This is not strictly patent related, except that it highlights the importance of careful drafting. As illustrated by this cautionary tale, imprecise language can occasionally come back with a vengeance to bite you and/or your client.
The Globe and Mail reports on “the most costly piece of punctuation in Canada,” in which one ambiguously drafted clause costs Rogers Communications over $2M in a contract dispute. (Actually, the culprit is not exactly the punctuation per se, but rather a poorly drafted sentence.)
Page 7 of the contract at issue states that the agreement “shall continue in force for a period of five years from the date it is made, and thereafter for successive five year terms, unless and until terminated by one year prior notice in writing by either party.”
According to this sentence, when does the termination option apply?
Apparently Rogers intended that the termination option apply only in the “successive five year terms.” However, there’s a very good argument to be made that the “unless and until” clause applies any time the agreement is in force. The writer chose to draft the sentence almost as if he or she were presenting a list of independent clauses setting out conditions under which the agreement shall continue in force: it shall continue for five years; it shall continue thereafter for successive five year terms; and it shall continue unless and until terminated.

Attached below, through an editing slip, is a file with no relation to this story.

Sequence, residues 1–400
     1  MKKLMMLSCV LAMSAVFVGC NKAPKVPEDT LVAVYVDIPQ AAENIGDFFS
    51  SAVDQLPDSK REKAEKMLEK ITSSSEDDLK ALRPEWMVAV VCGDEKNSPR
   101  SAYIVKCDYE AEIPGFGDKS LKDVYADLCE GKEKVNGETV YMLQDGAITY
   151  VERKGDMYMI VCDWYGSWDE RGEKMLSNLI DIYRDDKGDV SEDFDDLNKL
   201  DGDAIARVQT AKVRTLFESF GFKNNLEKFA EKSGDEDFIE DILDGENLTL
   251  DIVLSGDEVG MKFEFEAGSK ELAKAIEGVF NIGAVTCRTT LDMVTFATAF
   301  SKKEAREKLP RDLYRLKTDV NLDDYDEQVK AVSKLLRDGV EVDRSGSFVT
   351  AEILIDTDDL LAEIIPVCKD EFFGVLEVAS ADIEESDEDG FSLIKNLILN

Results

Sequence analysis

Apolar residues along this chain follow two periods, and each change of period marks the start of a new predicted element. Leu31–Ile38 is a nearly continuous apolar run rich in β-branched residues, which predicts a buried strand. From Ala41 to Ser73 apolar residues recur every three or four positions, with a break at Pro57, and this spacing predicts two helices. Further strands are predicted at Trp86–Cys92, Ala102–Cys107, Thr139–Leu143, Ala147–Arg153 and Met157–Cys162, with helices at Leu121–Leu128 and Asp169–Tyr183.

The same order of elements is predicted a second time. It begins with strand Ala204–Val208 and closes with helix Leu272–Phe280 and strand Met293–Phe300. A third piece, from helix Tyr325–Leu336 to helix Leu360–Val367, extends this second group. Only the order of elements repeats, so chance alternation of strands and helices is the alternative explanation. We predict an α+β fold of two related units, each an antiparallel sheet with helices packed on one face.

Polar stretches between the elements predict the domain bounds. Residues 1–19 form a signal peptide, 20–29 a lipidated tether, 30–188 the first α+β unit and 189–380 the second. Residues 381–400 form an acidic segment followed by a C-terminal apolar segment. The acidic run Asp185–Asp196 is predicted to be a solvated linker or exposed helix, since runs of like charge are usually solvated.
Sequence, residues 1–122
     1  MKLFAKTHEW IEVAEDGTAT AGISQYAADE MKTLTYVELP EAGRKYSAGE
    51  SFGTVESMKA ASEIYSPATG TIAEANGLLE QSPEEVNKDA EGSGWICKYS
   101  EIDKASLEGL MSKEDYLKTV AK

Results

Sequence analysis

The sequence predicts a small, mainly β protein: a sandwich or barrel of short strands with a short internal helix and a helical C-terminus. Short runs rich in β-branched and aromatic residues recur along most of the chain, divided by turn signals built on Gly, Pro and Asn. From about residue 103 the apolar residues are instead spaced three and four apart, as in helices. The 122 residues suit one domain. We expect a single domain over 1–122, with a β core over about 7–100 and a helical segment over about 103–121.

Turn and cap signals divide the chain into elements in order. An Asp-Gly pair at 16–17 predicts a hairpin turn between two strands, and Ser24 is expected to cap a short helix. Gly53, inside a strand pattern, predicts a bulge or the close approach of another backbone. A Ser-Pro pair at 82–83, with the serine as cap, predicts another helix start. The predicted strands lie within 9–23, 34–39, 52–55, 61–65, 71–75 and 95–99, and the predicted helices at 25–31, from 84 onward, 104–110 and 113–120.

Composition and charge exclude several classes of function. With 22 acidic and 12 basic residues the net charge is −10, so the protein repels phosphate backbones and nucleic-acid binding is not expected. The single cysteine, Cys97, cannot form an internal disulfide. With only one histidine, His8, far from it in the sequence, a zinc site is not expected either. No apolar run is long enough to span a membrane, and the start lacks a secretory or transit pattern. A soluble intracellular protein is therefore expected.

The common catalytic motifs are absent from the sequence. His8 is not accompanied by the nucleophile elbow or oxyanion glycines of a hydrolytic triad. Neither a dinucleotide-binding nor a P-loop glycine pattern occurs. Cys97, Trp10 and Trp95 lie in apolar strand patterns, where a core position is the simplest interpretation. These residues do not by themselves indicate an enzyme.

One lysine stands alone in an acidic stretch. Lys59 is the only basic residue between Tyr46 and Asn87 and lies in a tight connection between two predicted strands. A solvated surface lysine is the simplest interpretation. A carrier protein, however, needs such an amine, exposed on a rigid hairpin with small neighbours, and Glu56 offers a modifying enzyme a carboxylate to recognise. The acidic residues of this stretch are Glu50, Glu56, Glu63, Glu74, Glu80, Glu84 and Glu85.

Although the sentence, as drafted, is somewhat ambiguous, I think the Canadian Radio-television and Telecommunications Commission (CRTC) probably parsed the sentence correctly.
Rogers could have eliminated the ambiguity by not trying to pack so much information into a single sentence. One possible re-draft might read as follows:
The agreement “shall continue in force for a period of five years from the date it is made. Thereafter, the agreement shall continue in force for successive five year terms, unless and until terminated by one year prior notice in writing by either party.”
This re-draft is somewhat more verbose, as the subject (“the agreement”) is repeated in successive sentences. However, this more verbose formulation eliminates the ambiguity that was present in the original. When the first five year period and the subsequent five year periods are addressed in separate sentences, it becomes clear that the termination clause applies only “[t]hereafter… for successive five year terms….”
Thanks to TidBITS for bringing the story to my attention.